I read someplace recently that the biggest regret in life most people have when it comes to the end of a year or near the end of life is not the things they did and wished they hadn’t, but the things they didn’t do but wished they had.
How many times have you said, “I wish I had but didn’t because …” and then give some silly reason why.
Over the short term we tend to regret actions, things we did that we wish we hadn’t, but over the long term we tend to regret inaction, things we didn’t do but wish we had.
Fear of failure or rejection were two of the reasons given for inaction by some social psychologists who studied the issue of regret.
Too many times just not doing anything is seen as a way out and leads to the biggest regret ever — the things you didn’t do but wished you had.
Darby Gilmore, who attends Belmont University in Tennessee and works in the Performing Arts Center there, has had an exciting week. He had the experience of working with a world famous jazz pianist, Fred Hersch, and then a few days later with Ricky Scaggs and Peter Frampton.
Darby posted a photo on Facebook of Frampton’s guitar amp … not a picture of the performer or his performance, but his amp.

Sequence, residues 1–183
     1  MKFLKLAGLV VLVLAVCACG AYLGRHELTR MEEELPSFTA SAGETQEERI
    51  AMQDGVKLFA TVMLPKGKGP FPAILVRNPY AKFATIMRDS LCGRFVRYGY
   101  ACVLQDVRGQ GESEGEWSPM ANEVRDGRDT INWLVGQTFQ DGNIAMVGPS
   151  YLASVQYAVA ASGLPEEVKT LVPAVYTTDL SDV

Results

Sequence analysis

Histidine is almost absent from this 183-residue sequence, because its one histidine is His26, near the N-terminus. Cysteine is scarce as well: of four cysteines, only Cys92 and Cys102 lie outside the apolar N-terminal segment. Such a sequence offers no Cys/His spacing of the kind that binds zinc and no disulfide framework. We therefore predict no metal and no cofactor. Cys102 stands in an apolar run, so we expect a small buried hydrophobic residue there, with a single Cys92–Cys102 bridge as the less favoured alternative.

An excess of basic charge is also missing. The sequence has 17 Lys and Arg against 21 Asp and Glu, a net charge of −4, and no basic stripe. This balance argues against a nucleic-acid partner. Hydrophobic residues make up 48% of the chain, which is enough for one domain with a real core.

Now that is just like Darby who has an intense interest in sound.
“He is his father’s son,” said Mary (his mother) when seeing the picture. “Roger has been involved in performance and sound for years.”
It may only be February but Beth Shaver, director of the Meigs County Council on Aging, is thinking about June when kids are out of school and no longer have access to a nutritious lunch, and wonders what some of them will be eating.
Last year, a summer lunch program was started at the libraries by the Council on Aging. Food was prepared at the Senior Center and then transported to the libraries where it was served to the children who were there for a reading program.
Beth would like to expand that program this year and get into places where any child, not just the ones in special programs, would have access to a nutritious lunch.
She is currently looking for locations where the prepared food can be served by community volunteers.
By the way, funding for the program doesn’t come out of Meigs Council on Aging money. It is provided by the Ohio Department of Education and the United States Department of Agriculture.
Jeff Shank sometime ago brought by a copy of the Pomeroy’s ninth census dated 1870. It lists population figures, a total of 39 manufacturing establishments, 86 business houses and 45 saloons. That indicated to me that those early settlers, many of whom came here from Germany, were not only hard workers but hard drinkers.
This past week I received a note about my column from John Carey, who for several years was State Representative for Meigs and Gallia counties. Frankly I didn’t know what he had been doing since leaving politics so it was nice to learn that he is now Assistant to the President for Government Relations and Strategic Initiatives at Shawnee State University.
Thanks John, for the nice words. It was good to hear from you.